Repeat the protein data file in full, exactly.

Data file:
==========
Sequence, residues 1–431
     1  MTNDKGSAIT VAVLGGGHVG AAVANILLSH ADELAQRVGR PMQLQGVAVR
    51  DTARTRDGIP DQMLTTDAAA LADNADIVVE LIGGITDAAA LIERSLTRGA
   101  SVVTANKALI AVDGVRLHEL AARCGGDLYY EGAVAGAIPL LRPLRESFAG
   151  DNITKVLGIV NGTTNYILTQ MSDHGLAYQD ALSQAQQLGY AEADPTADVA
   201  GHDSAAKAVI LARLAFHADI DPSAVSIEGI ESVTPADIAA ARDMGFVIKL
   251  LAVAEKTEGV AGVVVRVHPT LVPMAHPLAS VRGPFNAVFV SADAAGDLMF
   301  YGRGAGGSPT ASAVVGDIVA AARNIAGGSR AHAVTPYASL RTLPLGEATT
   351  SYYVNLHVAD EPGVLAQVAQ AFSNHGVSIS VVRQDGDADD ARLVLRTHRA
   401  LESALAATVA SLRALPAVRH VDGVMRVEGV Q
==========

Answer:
Sequence, residues 1–431
     1  MTNDKGSAIT VAVLGGGHVG AAVANILLSH ADELAQRVGR PMQLQGVAVR
    51  DTARTRDGIP DQMLTTDAAA LADNADIVVE LIGGITDAAA LIERSLTRGA
   101  SVVTANKALI AVDGVRLHEL AARCGGDLYY EGAVAGAIPL LRPLRESFAG
   151  DNITKVLGIV NGTTNYILTQ MSDHGLAYQD ALSQAQQLGY AEADPTADVA
   201  GHDSAAKAVI LARLAFHADI DPSAVSIEGI ESVTPADIAA ARDMGFVIKL
   251  LAVAEKTEGV AGVVVRVHPT LVPMAHPLAS VRGPFNAVFV SADAAGDLMF
   301  YGRGAGGSPT ASAVVGDIVA AARNIAGGSR AHAVTPYASL RTLPLGEATT
   351  SYYVNLHVAD EPGVLAQVAQ AFSNHGVSIS VVRQDGDADD ARLVLRTHRA
   401  LESALAATVA SLRALPAVRH VDGVMRVEGV Q